The past 3+ years of my life as a PhD student and now PhD Candidate (a status that just means I passed my comprehensive exams and have been titled to be a person that MAY be qualified to accomplish their Doctorate) is that this is a time of pure learning in my life. I embrace the ‘forever state of studentness’. Yes, there are the formalities with supervisors, department requirements, TUITION payments (ick) and just plain paperwork. BUT, my life is more than that. And my PhD is WAY MORE than just my thesis.

Ice skating on a frozen lake at Sheridan Glacier Alaska

Arctic sunset, Southampton Island Nunavut Canada

In fact, the thesis for the doctorate is filled with a condensed version of the science, the condensed, “I figured out how to use this program’ and the classic ‘this section was made possible because I got my r code to work’. But when I think of the person I was day 1 of this program and who I am today; I’m so much more than a 4th year PhD student. I’m a WAY more experienced, confident, social, world explorer! I travel more, I have worked with people from all areas of the world and know many more people from other countries and continents than I ever imagined.

Second Speaker to the famous artist and birder, David Sibley, Shorebird Festival Alaska

I have learned about seasons, tides, and a range of habitats because I ventured out to see them. I work hard but play hard too and I think that this has made me a better student.

Subsistence Lifestyle; halibut fishing, edible plant gathering in early spring Alaska

Flying across barrier islands of the Prince William Sound and Copper River Delta Alaska

Perhaps, admittedly that my supervisors would like me to be stuck in a chair and working 50 hours a week but I would be miserable and maybe not put the heart into the work, like I am doing now. And, as the thesis becomes a longer word document on my laptop (which I should really back up asap!) I grow more than that file.

The thesis is WAY more than the sum of its parts and more than the credit you earn at the end of your name when it’s all over; it’s about becoming a person that will love and cherish their work and show passion and happiness in all areas of their life. I feel like I am becoming ‘Super Me’ and it feels great!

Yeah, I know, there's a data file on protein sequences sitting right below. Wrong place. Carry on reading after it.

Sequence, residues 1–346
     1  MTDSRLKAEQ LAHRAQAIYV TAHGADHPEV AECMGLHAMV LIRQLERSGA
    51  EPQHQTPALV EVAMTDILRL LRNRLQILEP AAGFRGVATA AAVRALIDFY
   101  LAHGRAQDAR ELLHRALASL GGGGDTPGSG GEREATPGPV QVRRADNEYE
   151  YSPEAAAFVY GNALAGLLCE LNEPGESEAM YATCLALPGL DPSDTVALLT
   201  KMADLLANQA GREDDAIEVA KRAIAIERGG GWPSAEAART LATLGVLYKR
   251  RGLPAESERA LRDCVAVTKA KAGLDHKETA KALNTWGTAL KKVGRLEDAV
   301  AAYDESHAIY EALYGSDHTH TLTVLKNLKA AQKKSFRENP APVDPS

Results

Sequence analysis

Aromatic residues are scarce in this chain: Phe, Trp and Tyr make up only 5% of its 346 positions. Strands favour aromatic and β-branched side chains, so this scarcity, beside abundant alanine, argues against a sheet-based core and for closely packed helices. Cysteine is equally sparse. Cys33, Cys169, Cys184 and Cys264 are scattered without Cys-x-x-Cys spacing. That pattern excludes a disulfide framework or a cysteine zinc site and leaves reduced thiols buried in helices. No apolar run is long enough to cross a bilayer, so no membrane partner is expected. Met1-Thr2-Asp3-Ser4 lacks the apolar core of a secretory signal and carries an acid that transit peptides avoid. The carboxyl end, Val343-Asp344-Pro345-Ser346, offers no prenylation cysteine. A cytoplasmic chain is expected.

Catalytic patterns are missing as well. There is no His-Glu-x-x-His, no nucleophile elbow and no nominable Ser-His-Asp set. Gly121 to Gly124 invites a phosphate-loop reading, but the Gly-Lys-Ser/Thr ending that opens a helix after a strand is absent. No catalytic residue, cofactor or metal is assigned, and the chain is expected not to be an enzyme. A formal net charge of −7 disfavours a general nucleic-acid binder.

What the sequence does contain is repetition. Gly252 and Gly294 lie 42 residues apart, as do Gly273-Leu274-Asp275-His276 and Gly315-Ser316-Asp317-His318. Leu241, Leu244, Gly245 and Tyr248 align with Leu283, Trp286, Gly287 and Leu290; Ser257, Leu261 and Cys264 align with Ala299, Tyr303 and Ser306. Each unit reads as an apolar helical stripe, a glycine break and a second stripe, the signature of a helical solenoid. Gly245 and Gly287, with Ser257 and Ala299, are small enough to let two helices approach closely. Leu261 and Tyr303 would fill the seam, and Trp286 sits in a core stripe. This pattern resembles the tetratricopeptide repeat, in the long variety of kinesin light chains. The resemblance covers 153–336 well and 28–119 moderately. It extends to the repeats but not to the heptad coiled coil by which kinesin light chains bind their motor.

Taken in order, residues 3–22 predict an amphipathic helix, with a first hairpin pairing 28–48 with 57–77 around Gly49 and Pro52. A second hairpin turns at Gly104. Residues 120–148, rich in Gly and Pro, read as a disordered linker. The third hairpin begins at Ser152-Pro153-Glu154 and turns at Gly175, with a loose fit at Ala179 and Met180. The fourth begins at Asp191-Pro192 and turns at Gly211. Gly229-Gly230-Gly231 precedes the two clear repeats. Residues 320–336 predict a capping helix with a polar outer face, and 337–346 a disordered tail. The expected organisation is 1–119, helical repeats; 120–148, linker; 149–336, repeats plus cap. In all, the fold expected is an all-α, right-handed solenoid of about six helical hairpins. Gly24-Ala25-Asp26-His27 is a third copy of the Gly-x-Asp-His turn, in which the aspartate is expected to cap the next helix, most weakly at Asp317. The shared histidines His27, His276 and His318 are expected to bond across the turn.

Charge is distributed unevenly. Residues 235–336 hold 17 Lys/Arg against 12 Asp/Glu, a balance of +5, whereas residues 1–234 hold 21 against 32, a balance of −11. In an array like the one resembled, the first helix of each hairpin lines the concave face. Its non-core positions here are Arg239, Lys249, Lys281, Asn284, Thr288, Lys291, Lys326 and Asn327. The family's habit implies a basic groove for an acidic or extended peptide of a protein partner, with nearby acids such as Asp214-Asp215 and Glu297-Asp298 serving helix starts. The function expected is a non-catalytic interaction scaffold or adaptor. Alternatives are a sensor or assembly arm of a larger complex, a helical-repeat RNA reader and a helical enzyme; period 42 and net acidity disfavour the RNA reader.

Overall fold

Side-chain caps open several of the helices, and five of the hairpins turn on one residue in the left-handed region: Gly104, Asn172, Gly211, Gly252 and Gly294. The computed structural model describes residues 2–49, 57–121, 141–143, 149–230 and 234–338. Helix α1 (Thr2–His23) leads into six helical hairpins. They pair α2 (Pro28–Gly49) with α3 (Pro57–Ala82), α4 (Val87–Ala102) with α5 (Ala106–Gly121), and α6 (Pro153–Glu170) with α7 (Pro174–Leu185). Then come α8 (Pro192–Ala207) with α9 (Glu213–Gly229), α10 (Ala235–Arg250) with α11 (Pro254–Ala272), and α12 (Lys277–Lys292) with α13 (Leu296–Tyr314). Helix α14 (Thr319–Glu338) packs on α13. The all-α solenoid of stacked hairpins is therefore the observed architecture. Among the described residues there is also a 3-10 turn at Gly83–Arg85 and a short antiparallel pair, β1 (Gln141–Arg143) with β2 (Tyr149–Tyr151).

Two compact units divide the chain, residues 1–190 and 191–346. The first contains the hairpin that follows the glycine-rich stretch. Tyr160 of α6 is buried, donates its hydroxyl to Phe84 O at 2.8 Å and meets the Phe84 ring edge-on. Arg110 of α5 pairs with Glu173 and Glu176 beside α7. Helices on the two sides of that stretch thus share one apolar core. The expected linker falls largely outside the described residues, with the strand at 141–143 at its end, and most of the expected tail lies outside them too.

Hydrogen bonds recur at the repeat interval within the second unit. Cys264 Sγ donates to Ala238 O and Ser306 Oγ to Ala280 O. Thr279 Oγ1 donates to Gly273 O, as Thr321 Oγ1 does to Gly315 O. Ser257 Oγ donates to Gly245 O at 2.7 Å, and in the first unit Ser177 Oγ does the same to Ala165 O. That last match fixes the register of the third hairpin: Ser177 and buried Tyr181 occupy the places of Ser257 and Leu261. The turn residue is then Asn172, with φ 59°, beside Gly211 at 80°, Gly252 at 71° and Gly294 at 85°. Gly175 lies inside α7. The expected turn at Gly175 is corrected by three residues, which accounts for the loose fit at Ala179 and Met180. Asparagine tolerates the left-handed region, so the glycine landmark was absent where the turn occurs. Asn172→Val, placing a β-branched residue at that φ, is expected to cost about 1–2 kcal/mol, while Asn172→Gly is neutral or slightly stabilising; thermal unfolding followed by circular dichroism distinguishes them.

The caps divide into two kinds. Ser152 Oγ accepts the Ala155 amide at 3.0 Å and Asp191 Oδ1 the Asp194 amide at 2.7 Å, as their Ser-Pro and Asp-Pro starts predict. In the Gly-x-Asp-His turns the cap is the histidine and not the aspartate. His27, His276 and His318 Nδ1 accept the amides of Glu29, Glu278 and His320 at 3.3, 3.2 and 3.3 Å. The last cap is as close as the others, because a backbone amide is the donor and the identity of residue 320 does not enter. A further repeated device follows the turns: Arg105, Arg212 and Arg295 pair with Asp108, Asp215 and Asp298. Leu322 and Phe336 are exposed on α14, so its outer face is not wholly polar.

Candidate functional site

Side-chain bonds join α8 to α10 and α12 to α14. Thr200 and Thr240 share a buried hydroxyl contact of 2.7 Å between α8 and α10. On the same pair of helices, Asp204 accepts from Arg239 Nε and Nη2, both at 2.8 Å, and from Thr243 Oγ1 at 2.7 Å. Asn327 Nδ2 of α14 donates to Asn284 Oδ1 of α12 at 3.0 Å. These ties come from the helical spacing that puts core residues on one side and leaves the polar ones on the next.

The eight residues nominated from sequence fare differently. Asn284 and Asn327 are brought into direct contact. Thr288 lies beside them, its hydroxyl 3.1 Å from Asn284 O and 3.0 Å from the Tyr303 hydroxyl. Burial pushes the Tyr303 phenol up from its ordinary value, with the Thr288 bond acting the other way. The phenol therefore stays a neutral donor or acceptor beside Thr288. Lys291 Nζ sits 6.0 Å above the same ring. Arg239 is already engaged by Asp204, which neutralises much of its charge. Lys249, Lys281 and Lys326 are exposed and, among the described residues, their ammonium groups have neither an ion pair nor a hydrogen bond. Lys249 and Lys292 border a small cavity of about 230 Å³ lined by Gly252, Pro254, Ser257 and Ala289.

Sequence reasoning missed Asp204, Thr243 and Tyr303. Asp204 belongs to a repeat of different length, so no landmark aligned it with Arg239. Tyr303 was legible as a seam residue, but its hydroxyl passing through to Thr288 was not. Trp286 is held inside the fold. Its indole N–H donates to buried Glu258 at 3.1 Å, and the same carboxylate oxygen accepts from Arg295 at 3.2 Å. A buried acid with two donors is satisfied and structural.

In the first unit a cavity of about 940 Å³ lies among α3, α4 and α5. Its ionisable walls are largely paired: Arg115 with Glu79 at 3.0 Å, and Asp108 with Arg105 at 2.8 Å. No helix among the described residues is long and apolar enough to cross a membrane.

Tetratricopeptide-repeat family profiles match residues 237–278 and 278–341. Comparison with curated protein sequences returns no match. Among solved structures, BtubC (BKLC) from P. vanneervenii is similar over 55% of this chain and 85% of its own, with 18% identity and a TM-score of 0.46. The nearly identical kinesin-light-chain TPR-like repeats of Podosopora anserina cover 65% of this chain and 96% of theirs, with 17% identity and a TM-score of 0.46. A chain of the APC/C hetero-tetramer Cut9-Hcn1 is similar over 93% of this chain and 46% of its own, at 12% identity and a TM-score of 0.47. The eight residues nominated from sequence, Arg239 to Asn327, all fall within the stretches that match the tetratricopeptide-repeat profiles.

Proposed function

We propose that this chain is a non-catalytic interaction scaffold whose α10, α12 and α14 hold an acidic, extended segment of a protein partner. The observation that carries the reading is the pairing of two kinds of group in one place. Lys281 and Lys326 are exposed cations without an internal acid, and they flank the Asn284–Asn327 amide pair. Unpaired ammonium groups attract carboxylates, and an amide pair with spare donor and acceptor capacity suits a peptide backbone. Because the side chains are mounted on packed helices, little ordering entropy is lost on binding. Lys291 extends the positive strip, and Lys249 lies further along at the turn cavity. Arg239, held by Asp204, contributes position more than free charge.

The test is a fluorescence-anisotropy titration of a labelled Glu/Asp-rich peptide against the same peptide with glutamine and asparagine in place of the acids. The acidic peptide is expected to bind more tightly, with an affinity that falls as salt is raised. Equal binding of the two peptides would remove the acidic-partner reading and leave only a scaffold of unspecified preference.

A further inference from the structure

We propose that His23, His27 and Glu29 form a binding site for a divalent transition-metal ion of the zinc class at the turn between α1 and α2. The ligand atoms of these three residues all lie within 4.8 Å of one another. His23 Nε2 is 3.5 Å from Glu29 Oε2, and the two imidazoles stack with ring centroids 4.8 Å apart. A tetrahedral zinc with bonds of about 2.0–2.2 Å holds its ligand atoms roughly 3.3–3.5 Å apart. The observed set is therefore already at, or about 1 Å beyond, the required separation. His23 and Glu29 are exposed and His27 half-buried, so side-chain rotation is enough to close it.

Tourism in Antarctica……dot dot dot

Holger Leue/Lonely Planet Images/Getty

Increased tourism could be contributing to plastic pollution in Antarctica.

So this past week I was sitting on a plane headed to a wedding in Wisconsin. I was sitting next to a guy about my age and after about the first hour or knitting and reading we ended up starting to chat. I found out that he was a project coordinator for some kind of vacation site in Antarctica. At first he mentioned that he spends a lot of time in Antarctica which I immediately thought, ‘cool, what do you study?’ but was disappointed and further confused to find out he didn’t study anything, nor did he help coordinate research at all. People just travel to Antarctica for vacation now……

So I was thinking, hmmm, well if people are going to travel to Antarctica for the all so reasonable price of $25,000 for one week to sit around ice (down from the original price of $45,000) (US funds…..) and the money went towards research and maintaining other camps in Antarctica like the penguin research station ( that would be great!

At Jerry Kooyman and Paul Ponganis’ field camp at Cape Washington, Antarctica, curious emperor penguins approach.

Credit: Scripps Institution of Oceanography/UC San Diego

So I went online and tried to figure this out. Who is making the profit from these trips? If these organizations are giving back at all and how much? After a little digging and chatting with the staff at a research facility I am visiting currently, we found this:


Some places are better left alone. Cruise ships reaching Antarctica and even now crossing the Northwest Passage with increasing frequency will have huge impacts on Inuit communities, noise pollution for wildlife like migrating whales, not to mention the carbon footprint.

Check out this noise pollution TED talk about whales:


I have yet to find anything indicating the exact contributions of these companies to research other than the vague statements that a percentage of profits are contributed to research expeditions or that they help with logistics for other research camps….what does that even mean and what percentage are we talking about here?

For the ripe price of $73,000.00 USD for 9 days to see penguins, what do you get? Click the box above the image to enlarge.